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Silas Marner was a skilled handloom linen-weaver, of simple life who had come to live in the village of Raveloe.

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Introduction

Silas Marner Silas Marner was a skilled handloom linen-weaver, of simple life who had come to live in the village of Raveloe. The sound of his loom was very different from anything the villagers were used to and the village boys would stare in at his window until he chased them away: Silas�s Loom, so unlike the natural cheerful trotting of the winnowing-machine, or the simpler rhythm of the flail, had a half-fearful fascination for the Raveloe boys, who would often leave their nutting or bird�s- 'nesting to peep in at the window of the stone cottage, counter balancing a certain awe at the mysterious action of the loom, by a pleasant sense of scornful superiority, drawn from the mockery of its alternating noises along with the bent, thread-mill attitude of the weaver'. The boys of the village were afraid that Silas had an 'evil eye' and that he could harm them by just looking at them. There was a belief that he had some sort of connection with the devil because of his healing powers. When Silas came to Raveloe he did not make any new friends preferring to keep himself busy by just doing his work. The reason for this was because in Lantern Yard he had been betrayed by his 'friend�, William Dane, who had accused him of theft resulting in the lost of his beloved Sarah and his expulsion from the chapel. ...read more.

Middle

Eppie became Silas�s 'new treasure� which was to become far more valuable to him than his lost gold. Eppie�s pleasure took him outside the house and out of himself. Long lost memories started to return and Eppie gave him a new life with Silas taking a lot of care of Eppie. He decided to bring up Eppie with love. Eppie also started going with Silas when he delivered his weaving. And when children started meeting with Eppie they were no longer afraid of weaver. Silas no longer hoarded his money but spent it on a proper purpose. The death of Eppie�s mother had a great effect on people�s lives. Silas insistence on keeping the child influenced the villager�s feelings in favour of him who saw it as some recompense for his stolen savings. Dolly started to help Silas a lot in bringing up the child. Dolly asked Silas to have the child christened and to bring her to church. Silas agreed although he did not know what that meant. He could not connect his past non-conformist beliefs with the established church of Dolly�s religion. But for the sake of Eppie agrees to set foot in a church for the first time in his life. Silas now has more contact with the villagers because of his church attendance, as well as with looking after Eppie�s needs. Silas started discussing with Dolly how to punish Eppie when she become naughty but he could not bear to do it. ...read more.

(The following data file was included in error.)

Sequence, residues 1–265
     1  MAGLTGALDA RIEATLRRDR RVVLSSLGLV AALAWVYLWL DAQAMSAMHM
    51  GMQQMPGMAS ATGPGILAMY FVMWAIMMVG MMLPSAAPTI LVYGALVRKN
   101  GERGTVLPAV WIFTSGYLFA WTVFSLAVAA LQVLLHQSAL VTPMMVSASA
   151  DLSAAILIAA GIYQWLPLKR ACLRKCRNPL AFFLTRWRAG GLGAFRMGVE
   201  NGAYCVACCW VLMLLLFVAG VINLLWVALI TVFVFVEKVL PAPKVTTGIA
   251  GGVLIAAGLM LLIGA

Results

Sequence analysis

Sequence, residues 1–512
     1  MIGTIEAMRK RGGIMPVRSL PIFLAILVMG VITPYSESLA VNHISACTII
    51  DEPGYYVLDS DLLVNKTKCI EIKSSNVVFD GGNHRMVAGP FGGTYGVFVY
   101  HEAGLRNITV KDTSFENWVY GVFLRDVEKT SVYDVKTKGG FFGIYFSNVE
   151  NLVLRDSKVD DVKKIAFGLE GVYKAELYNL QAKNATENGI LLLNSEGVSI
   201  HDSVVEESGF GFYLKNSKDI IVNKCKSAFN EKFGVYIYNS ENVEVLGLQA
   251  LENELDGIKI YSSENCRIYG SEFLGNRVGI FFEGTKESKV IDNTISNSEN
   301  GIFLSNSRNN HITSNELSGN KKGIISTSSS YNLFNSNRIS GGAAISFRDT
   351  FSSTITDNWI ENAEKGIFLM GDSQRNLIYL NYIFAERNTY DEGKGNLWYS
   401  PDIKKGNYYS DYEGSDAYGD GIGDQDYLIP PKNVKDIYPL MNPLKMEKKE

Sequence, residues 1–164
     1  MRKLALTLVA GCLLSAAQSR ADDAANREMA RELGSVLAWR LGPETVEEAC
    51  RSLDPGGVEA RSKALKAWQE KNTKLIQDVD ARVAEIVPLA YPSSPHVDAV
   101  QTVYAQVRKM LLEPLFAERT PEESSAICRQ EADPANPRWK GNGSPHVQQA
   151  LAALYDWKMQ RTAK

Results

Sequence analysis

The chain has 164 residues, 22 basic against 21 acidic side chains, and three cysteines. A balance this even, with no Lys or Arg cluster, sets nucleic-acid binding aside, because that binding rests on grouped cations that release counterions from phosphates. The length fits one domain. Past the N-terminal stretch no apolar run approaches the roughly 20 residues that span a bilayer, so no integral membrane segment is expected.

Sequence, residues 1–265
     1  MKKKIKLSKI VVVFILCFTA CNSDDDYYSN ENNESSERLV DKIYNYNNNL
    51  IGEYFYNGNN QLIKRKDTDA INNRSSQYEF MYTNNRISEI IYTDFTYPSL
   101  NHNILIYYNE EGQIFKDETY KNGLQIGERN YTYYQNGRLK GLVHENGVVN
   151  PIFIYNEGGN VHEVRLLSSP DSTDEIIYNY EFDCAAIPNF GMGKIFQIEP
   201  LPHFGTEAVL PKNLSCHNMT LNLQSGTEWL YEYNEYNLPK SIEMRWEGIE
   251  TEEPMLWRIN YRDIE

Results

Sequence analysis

Conclusion

to me and I�ve come to love her as myself, I�ve had light enough to trusten by; and know she says she�ll never leave me, I think I shall trusten till I die.' The traditional time of year for weddings in Raveloe was Laburnum and Lilac time. Eppie�s wedding was in that season. She had often thought, though with certainty that she could never have a perfect wedding dress but Nancy provided for her. On the wedding day Godfrey was not in Raveloe for 'special reasons.� The village had accepted his kindness to Silas and Eppie an attempt to make up for the wrong his brother had done to the weaver in stealing his gold. Mr Macey explained how right he always had been about Silas, and the return of his money. The villagers while waiting for the feast consider the blessings that Silas had brought on himself by taking Eppie in. His patience had been rewarded; his gold restored, his daughter preferring him to her blood father and now Silas had son to help care for him in his retirement. The once outcast weaver was now a respected and well-loved family man: The garden was fenced with stones on two sides, but in front there was an open fence, through which the flowers shone with answering gladness, as the four united people came within sight of them. ' O father�, said Eppie, 'what a pretty home ours is! I think nobody could be happier than we are'. ...read more.

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